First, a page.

According to a spokesperson for Vote.org, long lines can be a huge hurdle for people when they want to free up time to vote. In some states, voters have fewer methods of voting and must vote in person on Election Day, leading to a longer wait. Long lines can add to voter stress on election day, and when polling stations occasionally shorten polling hours on election day, voters struggle to fit voting into work or school commitments. The spokesperson explains that these kinds of obstacles affect some citizens more than others and can be seen as a form of voter suppression.
“Pulse closures are disproportionately common in communities of color,” they tell Yahoo Life. “Color voters wait in line much longer on average than white voters.”
Andrea Hailey, chief executive officer of Vote.org, tells Yahoo Life that the organization, “striving to make voting more enjoyable for all voters, and providing food and drink to people who have to wait in long voting lines is a natural extension of the vote.” that work.”
“Importantly, it’s also a humane thing to do,” Hailey added of the Vote.org food trucks frequenting some polling stations. “Ideally, voters should be able to vote in 30 minutes or less, but until that day comes, Vote.org will be here to serve food and drink to anyone who wants to be engaged and active members of their community… food trucks will do it.” problem of long queues, but Vote.org hopes it will make voting safer and more comfortable for thousands of voters across the country.”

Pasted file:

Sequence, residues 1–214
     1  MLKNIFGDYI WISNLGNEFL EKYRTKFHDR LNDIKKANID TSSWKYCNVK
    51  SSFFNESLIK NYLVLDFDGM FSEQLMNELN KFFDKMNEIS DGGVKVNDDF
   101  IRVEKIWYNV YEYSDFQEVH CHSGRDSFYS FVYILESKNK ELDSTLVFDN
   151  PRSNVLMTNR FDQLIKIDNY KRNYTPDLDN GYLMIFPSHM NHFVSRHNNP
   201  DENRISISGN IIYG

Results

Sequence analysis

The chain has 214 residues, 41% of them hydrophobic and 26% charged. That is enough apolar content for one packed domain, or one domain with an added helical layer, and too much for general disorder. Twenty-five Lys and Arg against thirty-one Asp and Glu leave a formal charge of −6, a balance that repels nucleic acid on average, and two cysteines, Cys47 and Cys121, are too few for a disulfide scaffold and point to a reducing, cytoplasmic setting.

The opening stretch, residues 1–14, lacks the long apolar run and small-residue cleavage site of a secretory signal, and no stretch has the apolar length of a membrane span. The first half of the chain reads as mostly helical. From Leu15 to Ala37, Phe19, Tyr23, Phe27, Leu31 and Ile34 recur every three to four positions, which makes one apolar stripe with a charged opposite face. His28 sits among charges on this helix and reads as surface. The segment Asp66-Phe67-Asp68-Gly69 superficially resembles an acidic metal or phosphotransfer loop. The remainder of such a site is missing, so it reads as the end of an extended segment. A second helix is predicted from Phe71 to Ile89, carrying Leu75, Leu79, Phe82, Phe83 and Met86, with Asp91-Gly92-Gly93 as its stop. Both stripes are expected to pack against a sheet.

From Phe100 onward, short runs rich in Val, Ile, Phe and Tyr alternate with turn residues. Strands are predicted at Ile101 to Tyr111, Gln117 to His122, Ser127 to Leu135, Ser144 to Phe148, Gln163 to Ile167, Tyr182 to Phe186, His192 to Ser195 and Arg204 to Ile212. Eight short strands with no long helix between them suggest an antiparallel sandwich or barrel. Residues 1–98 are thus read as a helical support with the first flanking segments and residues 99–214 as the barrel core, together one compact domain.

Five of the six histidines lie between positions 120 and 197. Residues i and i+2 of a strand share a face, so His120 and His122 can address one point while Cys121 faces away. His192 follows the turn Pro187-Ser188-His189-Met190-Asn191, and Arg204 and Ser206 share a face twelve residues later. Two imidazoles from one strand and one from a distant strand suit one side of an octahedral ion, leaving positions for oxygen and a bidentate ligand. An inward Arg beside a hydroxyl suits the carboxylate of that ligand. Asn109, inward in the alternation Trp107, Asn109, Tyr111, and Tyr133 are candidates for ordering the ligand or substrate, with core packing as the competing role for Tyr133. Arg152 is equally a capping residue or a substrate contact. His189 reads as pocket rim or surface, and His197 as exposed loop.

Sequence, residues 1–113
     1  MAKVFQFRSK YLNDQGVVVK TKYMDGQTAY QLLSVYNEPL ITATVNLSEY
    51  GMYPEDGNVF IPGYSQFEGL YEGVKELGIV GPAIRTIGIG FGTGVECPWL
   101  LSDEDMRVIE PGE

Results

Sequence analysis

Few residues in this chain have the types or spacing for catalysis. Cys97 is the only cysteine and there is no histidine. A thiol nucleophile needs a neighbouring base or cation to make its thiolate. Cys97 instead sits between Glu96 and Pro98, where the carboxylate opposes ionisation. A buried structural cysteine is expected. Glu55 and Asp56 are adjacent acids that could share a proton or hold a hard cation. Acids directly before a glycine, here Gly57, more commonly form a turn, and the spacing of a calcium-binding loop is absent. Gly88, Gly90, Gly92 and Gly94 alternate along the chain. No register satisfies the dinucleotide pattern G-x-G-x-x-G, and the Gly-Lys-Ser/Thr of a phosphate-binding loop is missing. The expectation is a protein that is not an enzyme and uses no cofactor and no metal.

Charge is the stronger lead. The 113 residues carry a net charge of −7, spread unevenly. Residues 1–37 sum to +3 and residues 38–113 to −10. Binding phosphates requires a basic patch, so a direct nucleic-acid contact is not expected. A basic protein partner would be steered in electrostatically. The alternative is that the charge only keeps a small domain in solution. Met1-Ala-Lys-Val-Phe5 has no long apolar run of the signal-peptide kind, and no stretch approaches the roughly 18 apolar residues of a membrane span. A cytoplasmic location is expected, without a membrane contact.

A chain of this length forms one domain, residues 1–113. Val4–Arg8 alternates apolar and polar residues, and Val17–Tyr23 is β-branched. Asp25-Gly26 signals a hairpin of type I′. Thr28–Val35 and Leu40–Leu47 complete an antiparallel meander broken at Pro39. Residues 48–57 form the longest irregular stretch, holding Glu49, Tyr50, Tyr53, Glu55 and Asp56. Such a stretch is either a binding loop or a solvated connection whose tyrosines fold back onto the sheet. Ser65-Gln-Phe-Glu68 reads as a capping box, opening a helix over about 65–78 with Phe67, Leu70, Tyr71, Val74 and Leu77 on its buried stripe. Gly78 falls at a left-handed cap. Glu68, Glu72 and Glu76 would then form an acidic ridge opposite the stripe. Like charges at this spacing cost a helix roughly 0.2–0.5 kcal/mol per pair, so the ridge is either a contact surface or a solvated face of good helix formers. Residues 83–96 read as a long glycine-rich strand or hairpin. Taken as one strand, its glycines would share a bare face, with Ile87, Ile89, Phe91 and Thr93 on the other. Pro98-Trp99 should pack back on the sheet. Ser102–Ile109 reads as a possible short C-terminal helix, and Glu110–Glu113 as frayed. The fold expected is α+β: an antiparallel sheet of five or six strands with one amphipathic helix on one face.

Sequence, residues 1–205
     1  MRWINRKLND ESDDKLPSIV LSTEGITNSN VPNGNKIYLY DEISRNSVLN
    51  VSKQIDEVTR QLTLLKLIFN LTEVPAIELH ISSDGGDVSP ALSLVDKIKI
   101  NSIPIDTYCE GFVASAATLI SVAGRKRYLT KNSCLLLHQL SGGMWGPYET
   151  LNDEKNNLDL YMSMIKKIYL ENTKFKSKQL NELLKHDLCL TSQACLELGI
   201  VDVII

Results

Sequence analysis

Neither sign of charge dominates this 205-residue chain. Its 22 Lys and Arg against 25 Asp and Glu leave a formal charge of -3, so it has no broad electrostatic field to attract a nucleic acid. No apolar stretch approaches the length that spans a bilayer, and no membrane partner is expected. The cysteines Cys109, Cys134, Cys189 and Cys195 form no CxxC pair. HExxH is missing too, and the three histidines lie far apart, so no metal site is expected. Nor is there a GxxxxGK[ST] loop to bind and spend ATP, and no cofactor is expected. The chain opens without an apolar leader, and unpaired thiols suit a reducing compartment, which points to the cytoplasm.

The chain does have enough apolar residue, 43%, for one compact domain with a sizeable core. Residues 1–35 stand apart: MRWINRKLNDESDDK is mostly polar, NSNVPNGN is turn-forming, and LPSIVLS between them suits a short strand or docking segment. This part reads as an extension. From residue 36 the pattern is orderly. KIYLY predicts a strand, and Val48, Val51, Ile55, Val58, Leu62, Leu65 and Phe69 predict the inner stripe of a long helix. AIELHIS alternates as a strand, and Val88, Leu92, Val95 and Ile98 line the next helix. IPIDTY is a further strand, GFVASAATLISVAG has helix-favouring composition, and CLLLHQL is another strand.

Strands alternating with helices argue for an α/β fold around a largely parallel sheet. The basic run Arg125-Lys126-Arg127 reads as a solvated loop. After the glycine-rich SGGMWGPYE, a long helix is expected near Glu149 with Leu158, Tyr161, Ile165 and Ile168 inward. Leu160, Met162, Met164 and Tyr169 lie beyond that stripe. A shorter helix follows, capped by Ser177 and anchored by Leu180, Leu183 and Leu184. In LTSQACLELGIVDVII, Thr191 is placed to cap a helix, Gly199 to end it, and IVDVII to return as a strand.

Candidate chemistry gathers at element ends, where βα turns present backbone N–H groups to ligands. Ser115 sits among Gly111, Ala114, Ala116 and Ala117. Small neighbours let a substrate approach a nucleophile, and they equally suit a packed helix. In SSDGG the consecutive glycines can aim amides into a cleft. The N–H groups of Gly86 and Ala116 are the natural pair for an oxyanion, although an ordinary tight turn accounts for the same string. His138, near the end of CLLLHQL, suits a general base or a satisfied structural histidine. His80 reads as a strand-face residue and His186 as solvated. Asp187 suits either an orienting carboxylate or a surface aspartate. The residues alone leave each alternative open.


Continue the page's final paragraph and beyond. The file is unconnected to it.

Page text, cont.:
This year, Vote.org food trucks will serve communities in Arizona, Michigan, Nevada and Wisconsin. Through research, Vote.org identified locations in these states with disproportionately longer queues, added laws that made voting more difficult and time-consuming, or both.
But in some states, handing out food at polling stations is considered a no-no, regardless of the intent behind the gesture.
“We are aware that Georgia has passed laws that prohibit third-party suppliers from distributing food and drink at polling stations,” Noaman told Yahoo Life. “Laws like these are troubling because we believe everyone at polling stations should have safe and legal access to food and water.”
But proponents like Pizza To The Polls won’t let oppressive laws stop them from achieving their goals. “This Election Cycle, Pizza to the Polls [took] a non-traditional approach to insure Georgians [were] well-nourished leading into the election by partnering with nonprofits like New Georgia Project and The People’s Uprising to turn voter registration and education events into pizza parties,” says Noaman.
And their efforts to spread cheap goodness won’t end there. On Election Day, Pizza to the Polls will host events and deliver pizza in the Philadelphia, Pennsylvania area. Noaman says the group’s goal for 2022 is simple: “To keep democracy alive — and glorious.”
Wellness, parenting, body image and more: meet the Who behind the how so with the Yahoo Life newsletter. Register here.